Changes in pitch with a cochlear implant over time

Lina A.J. Reiss, Christopher W. Turner, Sheryl R. Erenberg, Bruce J. Gantz

Research output: Contribution to journalArticlepeer-review

118 Scopus citations


In the normal auditory system, the perceived pitch of a tone is closely linked to the cochlear place of vibration. It has generally been assumed that high-rate electrical stimulation by a cochlear implant electrode also evokes a pitch sensation corresponding to the electrode's cochlear place ("place" code) and stimulation rate ("temporal" code). However, other factors may affect electric pitch sensation, such as a substantial loss of nearby nerve fibers or even higher-level perceptual changes due to experience. The goals of this study were to measure electric pitch sensations in hybrid (short-electrode) cochlear implant patients and to examine which factors might contribute to the perceived pitch. To look at effects of experience, electric pitch sensations were compared with acoustic tone references presented to the non-implanted ear at various stages of implant use, ranging from hookup to 5 years. Here, we show that electric pitch perception often shifts in frequency, sometimes by as much as two octaves, during the first few years of implant use. Additional pitch measurements in more recently implanted patients at shorter time intervals up to 1 year of implant use suggest two likely contributions to these observed pitch shifts: intersession variability (up to one octave) and slow, systematic changes over time. We also found that the early pitch sensations for a constant electrode location can vary greatly across subjects and that these variations are strongly correlated with speech reception performance. Specifically, patients with an early low-pitch sensation tend to perform poorly with the implant compared to those with an early high-pitch sensation, which may be linked to less nerve survival in the basal end of the cochlea in the low-pitch patients. In contrast, late pitch sensations show no correlation with speech perception. These results together suggest that early pitch sensations may more closely reflect peripheral innervation patterns, while later pitch sensations may reflect higher-level, experience-dependent changes. These pitch shifts over time not only raise questions for strict place-based theories of pitch perception, but also imply that experience may have a greater influence on cochlear implant perception than previously thought.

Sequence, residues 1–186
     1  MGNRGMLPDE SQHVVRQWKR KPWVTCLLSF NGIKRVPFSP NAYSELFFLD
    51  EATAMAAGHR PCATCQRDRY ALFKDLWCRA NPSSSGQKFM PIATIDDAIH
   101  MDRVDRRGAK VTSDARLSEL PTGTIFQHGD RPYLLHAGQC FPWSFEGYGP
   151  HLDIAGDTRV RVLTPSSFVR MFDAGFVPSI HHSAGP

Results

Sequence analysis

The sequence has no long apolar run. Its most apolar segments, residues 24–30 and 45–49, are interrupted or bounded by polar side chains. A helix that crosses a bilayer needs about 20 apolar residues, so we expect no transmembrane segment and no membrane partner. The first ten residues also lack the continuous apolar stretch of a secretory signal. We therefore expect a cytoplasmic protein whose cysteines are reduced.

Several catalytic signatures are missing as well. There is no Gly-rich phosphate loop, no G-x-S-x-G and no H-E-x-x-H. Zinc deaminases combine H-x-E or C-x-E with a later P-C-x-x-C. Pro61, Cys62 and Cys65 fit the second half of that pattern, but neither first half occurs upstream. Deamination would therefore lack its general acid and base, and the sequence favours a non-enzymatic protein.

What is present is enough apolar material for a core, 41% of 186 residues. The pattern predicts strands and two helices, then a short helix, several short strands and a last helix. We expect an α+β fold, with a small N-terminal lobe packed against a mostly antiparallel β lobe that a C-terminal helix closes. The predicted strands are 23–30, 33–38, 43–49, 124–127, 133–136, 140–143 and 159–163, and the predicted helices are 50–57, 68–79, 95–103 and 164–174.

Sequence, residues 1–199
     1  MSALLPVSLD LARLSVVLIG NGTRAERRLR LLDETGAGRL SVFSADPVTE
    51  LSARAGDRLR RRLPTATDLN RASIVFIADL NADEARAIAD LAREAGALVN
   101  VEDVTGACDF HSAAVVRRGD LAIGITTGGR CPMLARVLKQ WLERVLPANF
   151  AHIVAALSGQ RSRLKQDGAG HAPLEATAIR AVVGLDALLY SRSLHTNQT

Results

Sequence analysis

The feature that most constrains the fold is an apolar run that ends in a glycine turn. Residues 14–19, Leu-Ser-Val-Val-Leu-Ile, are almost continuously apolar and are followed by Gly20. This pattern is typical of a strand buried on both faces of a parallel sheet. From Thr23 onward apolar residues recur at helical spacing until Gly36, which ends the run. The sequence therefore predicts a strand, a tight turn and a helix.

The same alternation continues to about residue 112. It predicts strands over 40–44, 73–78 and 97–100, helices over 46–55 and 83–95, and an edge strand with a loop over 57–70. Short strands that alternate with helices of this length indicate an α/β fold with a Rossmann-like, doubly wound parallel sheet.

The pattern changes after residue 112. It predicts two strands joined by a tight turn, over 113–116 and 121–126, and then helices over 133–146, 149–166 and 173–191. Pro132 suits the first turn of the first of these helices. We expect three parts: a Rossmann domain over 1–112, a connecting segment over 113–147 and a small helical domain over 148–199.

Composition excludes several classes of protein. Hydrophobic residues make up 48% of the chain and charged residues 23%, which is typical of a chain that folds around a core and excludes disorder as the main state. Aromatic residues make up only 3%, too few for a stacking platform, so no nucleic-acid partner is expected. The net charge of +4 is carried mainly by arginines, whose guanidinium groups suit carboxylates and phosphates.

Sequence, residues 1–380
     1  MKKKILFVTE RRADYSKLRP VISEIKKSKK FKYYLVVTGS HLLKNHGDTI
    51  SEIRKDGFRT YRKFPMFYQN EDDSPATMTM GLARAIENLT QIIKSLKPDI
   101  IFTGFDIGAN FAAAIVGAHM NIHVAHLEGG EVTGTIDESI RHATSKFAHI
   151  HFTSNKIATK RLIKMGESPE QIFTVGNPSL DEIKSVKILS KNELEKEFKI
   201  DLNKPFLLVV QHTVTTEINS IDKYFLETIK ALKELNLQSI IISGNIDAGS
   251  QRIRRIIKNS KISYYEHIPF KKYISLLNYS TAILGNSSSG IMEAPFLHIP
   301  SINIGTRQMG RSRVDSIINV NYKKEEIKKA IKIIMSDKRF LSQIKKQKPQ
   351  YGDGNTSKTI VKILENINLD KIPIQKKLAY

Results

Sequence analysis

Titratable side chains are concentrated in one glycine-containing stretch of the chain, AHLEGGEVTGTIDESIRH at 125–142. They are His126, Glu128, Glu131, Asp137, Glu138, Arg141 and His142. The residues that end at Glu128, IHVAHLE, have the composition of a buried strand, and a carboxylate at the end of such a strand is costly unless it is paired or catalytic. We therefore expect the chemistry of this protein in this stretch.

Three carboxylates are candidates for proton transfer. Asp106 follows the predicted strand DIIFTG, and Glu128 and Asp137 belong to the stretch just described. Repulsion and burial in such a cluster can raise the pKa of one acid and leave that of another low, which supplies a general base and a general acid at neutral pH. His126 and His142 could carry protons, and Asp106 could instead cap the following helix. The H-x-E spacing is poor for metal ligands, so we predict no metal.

Original languageEnglish (US)
Pages (from-to)241-257
Number of pages17
JournalJARO - Journal of the Association for Research in Otolaryngology
Issue number2
StatePublished - Jun 2007
Externally publishedYes


  • Cochlear implant
  • Frequency
  • Hybrid
  • Plasticity
  • Speech
  • Tonotopy

ASJC Scopus subject areas

  • Otorhinolaryngology
  • Sensory Systems


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